Not Fade Away
Directed by David Chase
Starring: John Magaro, Jack Huston, Will Brill, Bella Heathcote
Rated R for pervasive language, some drug use and sexual content
1 hr. 52 mins.
When rock and roll was born, America was one country. By the time the music industry turned it into big business, the country had changed into something completely different.
If you weren’t there, it’s hard to describe, but here’s just a short list of rock’s subtexts: race riots, the Vietnam War, feminism, the sexual revolution, environmentalism and political chaos. Strange to say, but the heartbeat of each of these movements was connected to some variation of rock and roll. It was the music that defined the protest. It was rock and roll that became its soundtrack.
In Not Fade Away, director David Chase, creator of the HBO series The Sopranos, does his best to capture a small piece of that dynamic birth. Nestled between big names like the Beatles and the Rolling Stones were thousands of kids and their garage bands who dreamed about having their names posted on a marquee.
Chase should know. He was one of those kids, a drummer and bass player from the early 1960s who tried to pursue a rock and roll career before branching off into filmmaking.
Set in suburban New Jersey, Douglas (John Magaro) comes from a conservative Italian family. Father Pat (James Gandolfini) and mother Antoinette (Molly Price) still hold on to Old World values. But Douglas is a child of the new revolution. His life is captured by rock and roll, drugs, and a horny desire to impress the chicks. And at the very top of his wish list: being in a band.
In high school, Douglas is invited to be a drummer for a cover band that includes his friends Eugene (Jack Huston) and Wells (Will Brill). Like most high school bands, they start raw and often suck. But they have big dreams, and after a few years they finally gel and think about hitting the big time.
Most band films deal with the obstacles, success, tragedy and final resolution of a band’s history. As a picture about the early history of rock and roll, Chase has chosen a different path, one based on his own personal experience. He knows that for every band that makes it, there are thousands that don’t. Chase was one of those thousands and tries to capture some of that near-miss emotion, the hubris of the dream and the disappointment of being good, but not that good.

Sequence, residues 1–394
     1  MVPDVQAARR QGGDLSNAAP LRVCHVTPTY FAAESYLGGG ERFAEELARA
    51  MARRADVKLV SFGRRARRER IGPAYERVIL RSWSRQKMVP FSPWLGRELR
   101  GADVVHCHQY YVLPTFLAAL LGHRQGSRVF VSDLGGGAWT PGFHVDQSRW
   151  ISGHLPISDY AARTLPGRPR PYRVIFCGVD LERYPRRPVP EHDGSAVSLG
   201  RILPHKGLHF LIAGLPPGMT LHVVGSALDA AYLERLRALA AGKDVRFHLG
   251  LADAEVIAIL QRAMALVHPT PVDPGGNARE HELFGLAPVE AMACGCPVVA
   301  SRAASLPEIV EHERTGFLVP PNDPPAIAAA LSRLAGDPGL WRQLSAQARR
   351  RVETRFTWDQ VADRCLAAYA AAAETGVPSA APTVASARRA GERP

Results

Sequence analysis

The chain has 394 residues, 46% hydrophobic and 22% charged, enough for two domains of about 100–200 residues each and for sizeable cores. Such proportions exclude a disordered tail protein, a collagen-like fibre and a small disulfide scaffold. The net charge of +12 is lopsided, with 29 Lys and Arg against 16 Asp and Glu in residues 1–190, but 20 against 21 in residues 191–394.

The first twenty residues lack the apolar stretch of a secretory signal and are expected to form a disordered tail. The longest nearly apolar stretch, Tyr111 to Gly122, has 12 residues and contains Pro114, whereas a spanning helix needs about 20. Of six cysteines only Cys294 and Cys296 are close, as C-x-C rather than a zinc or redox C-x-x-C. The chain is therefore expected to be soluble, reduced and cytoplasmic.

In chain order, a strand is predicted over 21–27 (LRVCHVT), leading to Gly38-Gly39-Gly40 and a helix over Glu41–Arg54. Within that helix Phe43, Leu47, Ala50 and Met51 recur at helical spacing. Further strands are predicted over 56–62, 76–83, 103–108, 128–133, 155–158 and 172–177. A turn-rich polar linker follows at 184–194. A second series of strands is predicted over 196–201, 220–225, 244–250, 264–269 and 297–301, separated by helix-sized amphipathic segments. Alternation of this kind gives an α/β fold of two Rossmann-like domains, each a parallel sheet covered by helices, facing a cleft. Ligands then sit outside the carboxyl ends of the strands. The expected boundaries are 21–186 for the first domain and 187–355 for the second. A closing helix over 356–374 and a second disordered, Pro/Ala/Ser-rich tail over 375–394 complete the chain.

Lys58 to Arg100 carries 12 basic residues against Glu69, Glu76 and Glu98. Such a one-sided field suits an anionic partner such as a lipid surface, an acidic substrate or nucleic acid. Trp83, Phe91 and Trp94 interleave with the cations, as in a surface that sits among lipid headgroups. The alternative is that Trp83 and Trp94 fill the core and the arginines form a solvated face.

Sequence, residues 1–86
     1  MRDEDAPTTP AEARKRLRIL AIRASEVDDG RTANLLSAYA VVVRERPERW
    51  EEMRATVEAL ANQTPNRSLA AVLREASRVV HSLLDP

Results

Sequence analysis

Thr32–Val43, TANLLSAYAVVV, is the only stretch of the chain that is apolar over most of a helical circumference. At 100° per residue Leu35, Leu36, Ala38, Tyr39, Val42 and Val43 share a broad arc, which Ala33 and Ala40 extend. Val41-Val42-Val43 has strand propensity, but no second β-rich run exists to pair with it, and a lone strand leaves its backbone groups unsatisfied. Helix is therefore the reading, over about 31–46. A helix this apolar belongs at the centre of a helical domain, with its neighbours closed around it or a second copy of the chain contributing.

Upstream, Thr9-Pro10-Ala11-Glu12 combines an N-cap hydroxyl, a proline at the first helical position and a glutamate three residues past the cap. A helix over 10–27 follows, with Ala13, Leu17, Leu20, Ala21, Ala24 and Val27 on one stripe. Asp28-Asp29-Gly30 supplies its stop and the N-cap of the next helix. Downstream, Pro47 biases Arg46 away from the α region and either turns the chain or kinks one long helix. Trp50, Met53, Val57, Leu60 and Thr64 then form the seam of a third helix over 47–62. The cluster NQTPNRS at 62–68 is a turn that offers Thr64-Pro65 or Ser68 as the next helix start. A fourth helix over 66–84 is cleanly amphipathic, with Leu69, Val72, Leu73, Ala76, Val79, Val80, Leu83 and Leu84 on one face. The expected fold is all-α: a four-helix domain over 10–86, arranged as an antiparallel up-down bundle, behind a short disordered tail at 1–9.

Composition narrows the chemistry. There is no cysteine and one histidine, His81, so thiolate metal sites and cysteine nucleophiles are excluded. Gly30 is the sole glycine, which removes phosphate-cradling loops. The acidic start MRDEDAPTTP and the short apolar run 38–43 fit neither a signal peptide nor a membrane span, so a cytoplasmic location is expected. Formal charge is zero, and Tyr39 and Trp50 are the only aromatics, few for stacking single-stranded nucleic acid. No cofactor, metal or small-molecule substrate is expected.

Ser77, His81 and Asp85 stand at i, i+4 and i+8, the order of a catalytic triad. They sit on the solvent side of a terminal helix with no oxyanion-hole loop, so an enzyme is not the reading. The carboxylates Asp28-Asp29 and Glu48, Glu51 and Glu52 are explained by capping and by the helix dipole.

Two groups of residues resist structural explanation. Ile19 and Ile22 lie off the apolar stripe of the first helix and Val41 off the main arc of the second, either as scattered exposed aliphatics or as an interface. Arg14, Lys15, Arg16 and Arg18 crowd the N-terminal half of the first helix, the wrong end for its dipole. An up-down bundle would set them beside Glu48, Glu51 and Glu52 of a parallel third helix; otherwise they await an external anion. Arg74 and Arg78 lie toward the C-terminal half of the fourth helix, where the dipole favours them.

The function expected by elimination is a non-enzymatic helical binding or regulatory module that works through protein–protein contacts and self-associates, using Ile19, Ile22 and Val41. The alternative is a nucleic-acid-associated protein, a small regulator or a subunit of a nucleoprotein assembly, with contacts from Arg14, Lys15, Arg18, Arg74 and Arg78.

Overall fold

He has the cast to carry this out, including an excellent performance by John Magaro, the Dylanesque Italian son who claws his way up through the band to become its lead singer.
The problem with this film is its storyline. Despite Chase’s attempt to capture a unique vantage point, the story itself sometimes sags and becomes predictable.
There’s also a running debate about the value of rock as art versus the business of making a living. Given the era Not Fade Away explores, this feels like a false argument. Rock as art came later with the rise of bands like Yes and Pink Floyd, but in the beginning it was about drinking, partying and getting laid.
Chase has made a valentine to his early days in rock and roll, and it’s that personal exploration that offsets the bland storytelling. These observations and the music itself, which includes everything from blues to Nancy Sinatra, and Lead Belly to the Rolling Stones, keep the film entertaining.
No doubt the ’60s were weird. Not Fade Away reminds us just how quickly that weirdness spread across America. And thanks to Chase, you can go back to the beginning of rock and enjoy that weirdness.
This is not a great film, but forget that. It’s the soundtrack that makes it worthwhile. So just settle back and enjoy the pulse. It’s what America became after all those jangling guitars kicked in and the country started to party.